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I've met other cachers on the trail maybe 5 or 6 times. They're usually pretty easy to spot.

 

-GPSr in hand (if the GPS is hanging from a lanyard around their neck or clipped to a belt loop, even better :) )

-Seems to be studying or walking toward the same tree/lamp post/park bench/etc. you are zoning in on.

-Backpack or swag bag of some kind

-Sometimes the clothing is a giveaway...might be wearing a Geocaching hat or T-shirt, or just generally dressed like Steve Irwin :rolleyes:

 

It's always a treat when I bump into another cacher....sometimes I need to be reminded that I'm not the only nerd doing this B)

 

I have a Bookmark list of my FTF's...I was thinking of making another one of caches where I bumped into another cacher. :laughing:

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Twice we've had the experience that we've asked - did you find anything yet? and the person answers no and asks if we've found anything yet. Ah, must be a fellow cacher! Nope, we ran into mushroom hunters!

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I smile and say "Hi" or "Morning" whilst holding my GPS in my hand and giving a slight wave (with the hand the gps is in, so that they can see it), to ordinary people I'm just being polite and first thought im just holding a phone, to geocachers they'll hopefully spot it's a gps and talk to me.

 

Not actually met any fellow cachers whilst out yet, few people I've seen who I thought were caching, but never talked to them.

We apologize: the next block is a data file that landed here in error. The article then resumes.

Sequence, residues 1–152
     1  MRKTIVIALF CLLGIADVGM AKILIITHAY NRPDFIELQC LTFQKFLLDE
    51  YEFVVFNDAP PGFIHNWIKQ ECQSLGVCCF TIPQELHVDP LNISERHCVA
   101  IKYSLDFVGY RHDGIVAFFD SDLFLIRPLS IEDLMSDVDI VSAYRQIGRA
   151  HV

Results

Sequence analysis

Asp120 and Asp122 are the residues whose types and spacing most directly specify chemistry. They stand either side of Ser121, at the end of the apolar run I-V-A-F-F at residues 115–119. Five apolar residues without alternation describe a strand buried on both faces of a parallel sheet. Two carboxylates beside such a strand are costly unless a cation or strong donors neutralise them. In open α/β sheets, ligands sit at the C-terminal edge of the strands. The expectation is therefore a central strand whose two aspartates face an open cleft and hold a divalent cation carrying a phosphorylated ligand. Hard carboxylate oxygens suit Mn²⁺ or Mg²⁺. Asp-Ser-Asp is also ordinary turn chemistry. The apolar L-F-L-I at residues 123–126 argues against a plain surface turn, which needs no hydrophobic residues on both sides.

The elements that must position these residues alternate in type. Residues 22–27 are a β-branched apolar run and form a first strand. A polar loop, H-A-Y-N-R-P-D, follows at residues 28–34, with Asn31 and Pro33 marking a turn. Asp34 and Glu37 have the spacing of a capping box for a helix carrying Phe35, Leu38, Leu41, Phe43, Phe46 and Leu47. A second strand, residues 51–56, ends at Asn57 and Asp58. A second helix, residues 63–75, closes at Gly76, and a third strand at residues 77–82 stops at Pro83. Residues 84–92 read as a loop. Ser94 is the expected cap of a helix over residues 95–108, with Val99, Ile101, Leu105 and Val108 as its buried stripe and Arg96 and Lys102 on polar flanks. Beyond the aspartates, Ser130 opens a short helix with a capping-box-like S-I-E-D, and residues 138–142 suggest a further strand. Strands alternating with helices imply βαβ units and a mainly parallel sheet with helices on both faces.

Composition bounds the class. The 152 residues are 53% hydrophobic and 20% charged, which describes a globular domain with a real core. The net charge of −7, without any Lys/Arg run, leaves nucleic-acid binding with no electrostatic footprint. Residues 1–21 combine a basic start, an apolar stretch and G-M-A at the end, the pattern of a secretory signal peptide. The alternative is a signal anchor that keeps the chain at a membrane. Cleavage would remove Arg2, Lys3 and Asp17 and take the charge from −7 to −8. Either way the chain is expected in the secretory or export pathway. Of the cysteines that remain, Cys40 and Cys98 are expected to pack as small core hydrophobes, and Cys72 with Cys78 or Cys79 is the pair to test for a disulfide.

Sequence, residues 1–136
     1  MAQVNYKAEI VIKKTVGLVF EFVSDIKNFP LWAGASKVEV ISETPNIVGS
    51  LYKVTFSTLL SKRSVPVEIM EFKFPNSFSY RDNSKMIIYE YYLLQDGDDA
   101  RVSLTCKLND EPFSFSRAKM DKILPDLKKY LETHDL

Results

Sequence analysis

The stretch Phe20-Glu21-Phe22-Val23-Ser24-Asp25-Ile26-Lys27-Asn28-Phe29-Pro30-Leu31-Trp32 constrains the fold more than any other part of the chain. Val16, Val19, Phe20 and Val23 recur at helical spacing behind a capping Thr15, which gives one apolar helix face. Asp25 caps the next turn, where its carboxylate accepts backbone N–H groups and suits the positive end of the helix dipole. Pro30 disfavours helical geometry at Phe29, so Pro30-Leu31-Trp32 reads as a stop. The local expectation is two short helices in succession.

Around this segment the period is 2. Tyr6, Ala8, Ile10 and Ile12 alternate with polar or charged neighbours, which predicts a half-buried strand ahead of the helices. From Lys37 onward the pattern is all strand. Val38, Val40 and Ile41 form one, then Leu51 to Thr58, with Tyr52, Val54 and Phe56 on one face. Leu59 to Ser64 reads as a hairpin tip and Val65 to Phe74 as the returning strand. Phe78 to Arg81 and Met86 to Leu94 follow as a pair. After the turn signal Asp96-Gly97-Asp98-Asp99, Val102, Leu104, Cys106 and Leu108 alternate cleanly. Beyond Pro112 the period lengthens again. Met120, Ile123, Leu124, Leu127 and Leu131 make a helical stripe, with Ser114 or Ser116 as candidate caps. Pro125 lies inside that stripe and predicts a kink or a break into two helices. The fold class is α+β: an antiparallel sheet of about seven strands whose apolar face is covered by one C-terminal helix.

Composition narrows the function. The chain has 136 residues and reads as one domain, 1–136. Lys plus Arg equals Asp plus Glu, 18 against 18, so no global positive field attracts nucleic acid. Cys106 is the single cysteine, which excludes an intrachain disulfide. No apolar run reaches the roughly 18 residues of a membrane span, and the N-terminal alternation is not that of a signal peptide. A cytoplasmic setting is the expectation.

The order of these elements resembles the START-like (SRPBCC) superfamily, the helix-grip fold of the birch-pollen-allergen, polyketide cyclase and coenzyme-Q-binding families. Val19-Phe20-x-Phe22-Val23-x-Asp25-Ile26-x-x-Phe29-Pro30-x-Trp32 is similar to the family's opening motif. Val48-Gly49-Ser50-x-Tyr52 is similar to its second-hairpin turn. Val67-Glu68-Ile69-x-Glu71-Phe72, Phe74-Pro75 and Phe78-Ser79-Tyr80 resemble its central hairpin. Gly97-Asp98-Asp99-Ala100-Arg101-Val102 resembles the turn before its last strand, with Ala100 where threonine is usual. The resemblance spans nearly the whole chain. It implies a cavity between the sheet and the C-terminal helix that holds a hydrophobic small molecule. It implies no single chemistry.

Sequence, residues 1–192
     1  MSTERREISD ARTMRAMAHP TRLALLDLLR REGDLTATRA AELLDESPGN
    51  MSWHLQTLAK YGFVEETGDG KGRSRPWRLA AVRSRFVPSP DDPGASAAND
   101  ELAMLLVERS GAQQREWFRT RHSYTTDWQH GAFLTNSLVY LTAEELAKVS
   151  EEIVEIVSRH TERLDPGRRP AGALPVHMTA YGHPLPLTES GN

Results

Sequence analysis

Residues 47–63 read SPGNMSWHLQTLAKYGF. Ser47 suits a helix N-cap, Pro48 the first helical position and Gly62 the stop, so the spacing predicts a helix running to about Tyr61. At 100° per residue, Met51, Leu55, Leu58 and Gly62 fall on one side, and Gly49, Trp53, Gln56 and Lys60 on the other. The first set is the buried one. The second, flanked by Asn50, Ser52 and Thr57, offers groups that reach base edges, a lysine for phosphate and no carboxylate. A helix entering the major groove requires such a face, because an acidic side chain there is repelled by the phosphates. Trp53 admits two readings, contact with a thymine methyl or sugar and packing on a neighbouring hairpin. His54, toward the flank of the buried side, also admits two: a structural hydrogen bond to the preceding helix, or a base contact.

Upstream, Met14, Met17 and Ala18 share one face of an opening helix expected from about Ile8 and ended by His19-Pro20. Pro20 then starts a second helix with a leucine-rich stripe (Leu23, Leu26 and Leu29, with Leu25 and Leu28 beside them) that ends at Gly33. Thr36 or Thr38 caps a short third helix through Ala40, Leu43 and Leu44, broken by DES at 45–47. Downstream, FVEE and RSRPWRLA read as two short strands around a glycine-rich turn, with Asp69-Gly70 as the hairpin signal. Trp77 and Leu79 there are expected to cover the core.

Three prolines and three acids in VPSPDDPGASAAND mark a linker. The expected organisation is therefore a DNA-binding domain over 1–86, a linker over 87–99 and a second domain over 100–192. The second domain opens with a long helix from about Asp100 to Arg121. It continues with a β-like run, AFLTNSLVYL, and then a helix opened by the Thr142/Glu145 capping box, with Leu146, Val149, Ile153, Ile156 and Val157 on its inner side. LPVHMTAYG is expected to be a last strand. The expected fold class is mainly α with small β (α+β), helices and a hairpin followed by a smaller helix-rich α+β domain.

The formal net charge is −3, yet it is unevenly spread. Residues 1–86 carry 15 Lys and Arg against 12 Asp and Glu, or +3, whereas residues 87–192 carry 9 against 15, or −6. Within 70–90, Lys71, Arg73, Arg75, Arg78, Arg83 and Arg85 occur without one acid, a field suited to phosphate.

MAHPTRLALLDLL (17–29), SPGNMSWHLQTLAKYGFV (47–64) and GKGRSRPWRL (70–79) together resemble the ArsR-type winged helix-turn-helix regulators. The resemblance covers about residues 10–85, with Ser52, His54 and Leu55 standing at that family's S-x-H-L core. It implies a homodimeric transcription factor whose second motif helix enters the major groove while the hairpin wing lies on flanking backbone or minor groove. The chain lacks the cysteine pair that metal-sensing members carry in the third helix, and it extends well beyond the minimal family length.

I find interaction a bit awkward with people I don't know, and also the fact I'm a 23 year old who walks around in a hoodie 99% of the time, puts some people off approaching me, but I like my hoodie's and I geocache on my walks which is my alone time, so it all works out well for me.

 

I'd be happy to talk to fellow cachers and hope to some day meet some, but I wouldn't want to bump into them everytime I was out caching.

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Be careful. In certain parks and rest areas you don't want to approach a possible geocacher and ask "Are you looking for what I'm looking for?"

 

Log

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Be careful. In certain parks and rest areas you don't want to approach a possible geocacher and ask "Are you looking for what I'm looking for?"

 

Log

 

ROFLMAO! That's hilarious!

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I'd estimate that I've met 40 or 50 geocachers on the hunt. (Brian, it wasn't nice to lead that guy on!)

"Are you geocaching?" "Yes." "I think it's in the sign that lady is leaning against, waiting to get into the restaurant." "Ah. This is New York." I put my backpack down against the sign, and retied my shoes. Handed the nano off to the other cacher. Put my backpack against the sign again, and rifled through it, replacing the nano. The lady leaning against the sign never even saw me. This is New York.